In general, forging describes a type of metal forming process in which a workpiece is shaped using compressive forces, such as from the blows of a hammer. Upset forging involves compressing the length of the metal to increase its diameter, width or thickness.
Of particular note in this process is it’s suitability for long parts. The metal bar is heated, and forging pressure is applied in the direction of the axis. Upset forging makes it easy to produce long parts with a forged end, best for parts that require a complex geometry that would otherwise be difficult to obtain.
The workpiece typically starts out as wire, bar or rod, though there are machines that can take bars as wide as 10 inches in diameter. Normally, these machines use split dies with many cavities within them, allowing the workpiece to slide easily from one cavity to the next. When the die is closed, the forging die applies force to the workpiece, forming and ‘upsetting’ it into the space.
Another method of upset forging is utilized to increase the diameter or width/length of an aluminum workpiece to fit a larger dimensional requirement. If a round or block size isn’t large enough for a particular application, it’s axis can be forged at the ends to increase the lateral dimensions.
All forms of forging help to improve material integrity by improving and refining grain structure, reducing voids, inclusions and alloy segregation, increasing mechanical properties and improving response to heat treatment processing.
What do manufacturers need to know about upset forging?
When designing parts for upset forging, certain rules must be kept in mind. For instance, the length of the metal workpiece to be upset should be no more than three times the diameter. If a greater length is needed, the diameter of the upset should be no greater than 1.5 times that of the stock.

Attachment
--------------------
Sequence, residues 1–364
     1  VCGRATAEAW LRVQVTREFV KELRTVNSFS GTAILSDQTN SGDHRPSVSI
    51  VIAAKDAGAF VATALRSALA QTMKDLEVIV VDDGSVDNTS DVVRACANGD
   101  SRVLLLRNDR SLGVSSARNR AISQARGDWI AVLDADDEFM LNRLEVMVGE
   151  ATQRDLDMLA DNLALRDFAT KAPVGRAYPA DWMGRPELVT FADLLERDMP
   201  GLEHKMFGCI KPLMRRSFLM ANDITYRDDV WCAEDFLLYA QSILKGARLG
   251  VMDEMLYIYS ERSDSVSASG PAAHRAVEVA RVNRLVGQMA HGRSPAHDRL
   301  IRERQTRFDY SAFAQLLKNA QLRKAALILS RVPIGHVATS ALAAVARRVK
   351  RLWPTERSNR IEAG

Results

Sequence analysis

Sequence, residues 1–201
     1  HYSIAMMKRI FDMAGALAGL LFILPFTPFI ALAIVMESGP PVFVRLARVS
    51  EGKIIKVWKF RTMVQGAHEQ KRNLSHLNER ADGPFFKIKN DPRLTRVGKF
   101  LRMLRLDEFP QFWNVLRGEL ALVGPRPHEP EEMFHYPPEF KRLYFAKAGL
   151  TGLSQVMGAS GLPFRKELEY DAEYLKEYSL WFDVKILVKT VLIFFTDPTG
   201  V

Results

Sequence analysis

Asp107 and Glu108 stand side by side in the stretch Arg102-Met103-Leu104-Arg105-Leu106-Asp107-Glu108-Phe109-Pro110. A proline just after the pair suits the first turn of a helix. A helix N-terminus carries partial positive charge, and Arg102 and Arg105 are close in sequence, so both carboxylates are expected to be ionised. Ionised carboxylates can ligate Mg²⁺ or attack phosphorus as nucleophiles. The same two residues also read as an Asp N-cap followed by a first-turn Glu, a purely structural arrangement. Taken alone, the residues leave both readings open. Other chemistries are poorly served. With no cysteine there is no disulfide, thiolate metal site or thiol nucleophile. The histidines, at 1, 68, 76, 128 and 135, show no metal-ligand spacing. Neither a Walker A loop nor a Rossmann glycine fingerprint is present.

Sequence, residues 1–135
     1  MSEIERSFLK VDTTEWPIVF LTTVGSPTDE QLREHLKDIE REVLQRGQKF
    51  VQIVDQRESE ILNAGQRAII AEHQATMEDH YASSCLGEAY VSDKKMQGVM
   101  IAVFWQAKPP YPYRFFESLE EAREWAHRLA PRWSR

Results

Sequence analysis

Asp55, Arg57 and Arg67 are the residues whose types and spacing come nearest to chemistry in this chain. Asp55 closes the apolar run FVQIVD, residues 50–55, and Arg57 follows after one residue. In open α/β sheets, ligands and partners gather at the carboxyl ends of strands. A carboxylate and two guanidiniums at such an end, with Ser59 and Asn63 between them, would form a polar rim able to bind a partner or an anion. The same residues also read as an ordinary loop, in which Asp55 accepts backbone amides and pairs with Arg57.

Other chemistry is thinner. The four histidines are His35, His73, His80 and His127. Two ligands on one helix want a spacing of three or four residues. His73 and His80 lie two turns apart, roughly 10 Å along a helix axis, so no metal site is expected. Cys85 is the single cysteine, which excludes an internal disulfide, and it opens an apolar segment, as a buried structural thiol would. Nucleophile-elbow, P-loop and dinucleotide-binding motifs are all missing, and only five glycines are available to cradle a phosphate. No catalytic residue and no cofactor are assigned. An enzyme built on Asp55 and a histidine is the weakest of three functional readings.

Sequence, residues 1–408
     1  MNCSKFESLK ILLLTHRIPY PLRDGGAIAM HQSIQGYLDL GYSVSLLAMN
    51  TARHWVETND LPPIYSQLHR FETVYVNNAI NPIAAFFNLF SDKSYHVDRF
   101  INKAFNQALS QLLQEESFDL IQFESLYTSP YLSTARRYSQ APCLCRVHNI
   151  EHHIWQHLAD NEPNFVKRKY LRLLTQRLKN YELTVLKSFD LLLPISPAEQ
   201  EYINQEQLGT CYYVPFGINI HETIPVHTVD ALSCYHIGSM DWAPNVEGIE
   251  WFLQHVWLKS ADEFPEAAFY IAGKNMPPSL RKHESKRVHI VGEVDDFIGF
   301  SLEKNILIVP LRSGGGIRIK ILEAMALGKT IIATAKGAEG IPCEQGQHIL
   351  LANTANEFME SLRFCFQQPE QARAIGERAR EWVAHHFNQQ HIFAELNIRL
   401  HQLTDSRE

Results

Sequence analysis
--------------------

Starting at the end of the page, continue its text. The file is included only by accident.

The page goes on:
Upset forging provides a number of advantages that are beneficial for manufacturers. For instance, because of the nature of the process, there is very little risk of the work piece cracking. Furthermore, the mechanical stresses are aligned in such a way that the parts have excellent fatigue resistance.
The process is also efficient, as there is only partial heating required, helping to reduce the consumption of energy and lower CO2 emissions. Likewise, very little material is wasted during the forging process. There is also little need for machining after the part has been shaped.
What makes aluminum well suited for forging applications?
In general, aluminum is well suited for forging applications. Combined with its other properties, including its light weight and high strength to weight ratio, forged aluminum makes a great option for applications in the automotive and aerospace industries.
Because aluminum has a low melting point, it gets forged at lower temperatures than many other metals. Furthermore, because its low density means it does not retain heat as well, hot tooling is necessary to prevent the workpiece from cooling too rapidly during the forging process. The common forging temperatures range between 775 and 875°F.
Aluminum is also known for its low flow stress and excellent ductility. This means that extremely complex shapes can be forged using aluminum alloys, especially when compared to other metals, such as steel. Aluminum also lacks the scale or grain growth that other metals exhibit during upset forging.
What aluminum alloys work best with upset forging?
Many aluminum alloys are well suited for forging applications, but 6061 is among the most popular.
What applications rely on upset forging?
Parts that are frequently made via the upset forging process include screws, shafts, bolts, couplings, piston rods, engine valves, cluster gear banks and more. As stated previously, it is also an excellent method for increasing the cross section of larger workpieces in billet or block form.
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